Berbatovci was the first journalist to disappear without trace during the 1998-99 Kosovo war, but his case has not attracted the same amount of attention as other, later incidents. “There has been silence about his case, even from the LDK. I don’t know how to explain it,” his widow said.
At least 15 ethnic Albanian and Serb journalists were killed or went missing in the wartime and post-war period in Kosovo between August 1998 and May 2005. None of these cases has been solved.
Jusuf Buxhovi, a retired journalist and former LDK official, said he believes that Berbatovci’s disappearance was “politically motivated” because of his links to the party through the Kosovo Information Centre, where he did some of his work. “All indications lead in that direction,” Buxhovi asserted.
During the 1998-99 conflict, there was serious rivalry between the LDK and the KLA – a dispute that sparked violence, with a series of killings that continued in the years after the war.
Several months after Berbatovci went missing, the chief of the Kosova Information Centre in Pristina, Enver Maloku, was shot dead in January 1999. His murder has never been solved.
Buxhovi alleged that international and domestic officials botched the investigation into Berbatovci’s disappearance, and asked if the LDK really wants to see such cases solved at all. The LDK has never accused the KLA of killing Berbatovci.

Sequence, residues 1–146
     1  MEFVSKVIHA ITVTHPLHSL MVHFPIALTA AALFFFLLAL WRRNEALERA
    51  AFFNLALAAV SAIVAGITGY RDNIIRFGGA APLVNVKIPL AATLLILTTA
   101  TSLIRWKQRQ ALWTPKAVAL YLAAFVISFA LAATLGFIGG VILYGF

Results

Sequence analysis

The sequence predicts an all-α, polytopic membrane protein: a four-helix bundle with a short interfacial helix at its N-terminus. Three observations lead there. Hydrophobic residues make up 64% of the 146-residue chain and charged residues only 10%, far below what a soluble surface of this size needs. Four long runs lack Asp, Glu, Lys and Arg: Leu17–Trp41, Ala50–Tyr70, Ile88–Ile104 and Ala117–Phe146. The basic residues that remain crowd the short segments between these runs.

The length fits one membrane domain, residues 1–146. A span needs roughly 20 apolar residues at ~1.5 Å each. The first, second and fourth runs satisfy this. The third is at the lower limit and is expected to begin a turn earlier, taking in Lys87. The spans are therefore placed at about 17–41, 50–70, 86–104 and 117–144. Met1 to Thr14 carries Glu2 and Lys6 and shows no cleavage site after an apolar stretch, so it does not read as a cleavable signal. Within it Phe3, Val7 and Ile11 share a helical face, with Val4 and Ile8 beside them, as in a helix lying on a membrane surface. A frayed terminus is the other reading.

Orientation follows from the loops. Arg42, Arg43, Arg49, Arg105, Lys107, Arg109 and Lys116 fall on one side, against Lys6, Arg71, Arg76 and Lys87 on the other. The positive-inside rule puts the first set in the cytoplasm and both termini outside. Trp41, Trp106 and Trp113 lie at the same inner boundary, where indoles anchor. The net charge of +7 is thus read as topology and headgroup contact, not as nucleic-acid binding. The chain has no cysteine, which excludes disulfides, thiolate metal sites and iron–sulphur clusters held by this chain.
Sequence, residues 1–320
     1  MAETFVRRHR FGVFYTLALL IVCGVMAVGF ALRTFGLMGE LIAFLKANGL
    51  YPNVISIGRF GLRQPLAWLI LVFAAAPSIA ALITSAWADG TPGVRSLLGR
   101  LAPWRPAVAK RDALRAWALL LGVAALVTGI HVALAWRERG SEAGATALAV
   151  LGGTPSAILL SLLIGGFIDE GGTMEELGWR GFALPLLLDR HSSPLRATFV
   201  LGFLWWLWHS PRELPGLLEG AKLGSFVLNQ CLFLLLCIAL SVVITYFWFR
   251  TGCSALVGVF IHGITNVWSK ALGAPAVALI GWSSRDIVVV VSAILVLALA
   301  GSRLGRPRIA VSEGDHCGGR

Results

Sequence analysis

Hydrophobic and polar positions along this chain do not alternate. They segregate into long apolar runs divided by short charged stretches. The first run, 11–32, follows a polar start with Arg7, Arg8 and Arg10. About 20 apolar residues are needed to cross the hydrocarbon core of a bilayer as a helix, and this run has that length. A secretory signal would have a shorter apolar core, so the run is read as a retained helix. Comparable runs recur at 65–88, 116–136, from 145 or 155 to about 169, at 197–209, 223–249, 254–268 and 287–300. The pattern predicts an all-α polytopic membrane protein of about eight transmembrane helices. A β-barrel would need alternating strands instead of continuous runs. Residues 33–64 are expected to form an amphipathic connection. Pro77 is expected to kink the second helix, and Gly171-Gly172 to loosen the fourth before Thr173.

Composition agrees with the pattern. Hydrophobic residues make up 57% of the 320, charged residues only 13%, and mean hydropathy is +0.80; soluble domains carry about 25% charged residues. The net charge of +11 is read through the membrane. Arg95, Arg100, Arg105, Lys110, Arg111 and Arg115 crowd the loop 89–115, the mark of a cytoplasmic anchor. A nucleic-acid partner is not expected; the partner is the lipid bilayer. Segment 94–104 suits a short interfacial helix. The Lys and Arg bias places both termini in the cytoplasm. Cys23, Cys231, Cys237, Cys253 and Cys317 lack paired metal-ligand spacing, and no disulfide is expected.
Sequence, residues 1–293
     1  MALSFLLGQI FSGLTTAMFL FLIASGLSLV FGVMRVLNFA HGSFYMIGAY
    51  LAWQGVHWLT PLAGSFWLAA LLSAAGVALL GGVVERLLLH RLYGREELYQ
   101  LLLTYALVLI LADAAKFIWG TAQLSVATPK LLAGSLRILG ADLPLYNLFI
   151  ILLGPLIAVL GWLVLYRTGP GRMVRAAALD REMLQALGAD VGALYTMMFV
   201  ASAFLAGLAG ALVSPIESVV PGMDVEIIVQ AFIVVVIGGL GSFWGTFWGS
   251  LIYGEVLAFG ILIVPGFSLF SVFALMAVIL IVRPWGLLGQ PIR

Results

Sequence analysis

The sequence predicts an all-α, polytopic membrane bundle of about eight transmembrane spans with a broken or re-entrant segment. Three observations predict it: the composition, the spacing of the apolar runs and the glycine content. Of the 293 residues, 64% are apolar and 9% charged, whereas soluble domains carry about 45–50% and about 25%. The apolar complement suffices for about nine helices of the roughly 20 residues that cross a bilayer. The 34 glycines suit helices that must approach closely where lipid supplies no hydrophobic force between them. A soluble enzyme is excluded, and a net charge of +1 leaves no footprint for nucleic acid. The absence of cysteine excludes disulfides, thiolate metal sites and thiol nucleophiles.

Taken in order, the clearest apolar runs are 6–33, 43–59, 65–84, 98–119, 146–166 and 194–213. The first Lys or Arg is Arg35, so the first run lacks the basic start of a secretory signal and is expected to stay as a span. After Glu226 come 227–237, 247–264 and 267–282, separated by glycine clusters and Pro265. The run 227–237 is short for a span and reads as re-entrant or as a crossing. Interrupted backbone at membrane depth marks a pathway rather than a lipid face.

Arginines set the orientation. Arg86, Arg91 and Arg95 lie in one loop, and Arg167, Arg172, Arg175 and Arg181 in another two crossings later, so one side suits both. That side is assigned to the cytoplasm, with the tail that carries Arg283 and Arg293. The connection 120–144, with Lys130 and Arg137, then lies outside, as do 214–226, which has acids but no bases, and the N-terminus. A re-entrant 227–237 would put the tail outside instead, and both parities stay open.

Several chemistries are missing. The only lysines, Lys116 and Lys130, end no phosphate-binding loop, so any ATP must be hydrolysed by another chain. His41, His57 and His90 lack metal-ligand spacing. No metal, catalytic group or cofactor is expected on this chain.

“The silence around this case is unusual. It raises questions about whether some LDK leaders have ever been interested in shedding light on political killings,” Buxhovi said.
Peme Berbatovci, who now works as a teacher at the village school in Dobraje e Madhe/Velika Dobranja, said that she done all she can to establish what happened to her husband. “It has been a nightmare for us for more than two decades,” she said.
She added that she has been interviewed more than ten times by international prosecutors, but despite this, she has not been informed of any developments in the case.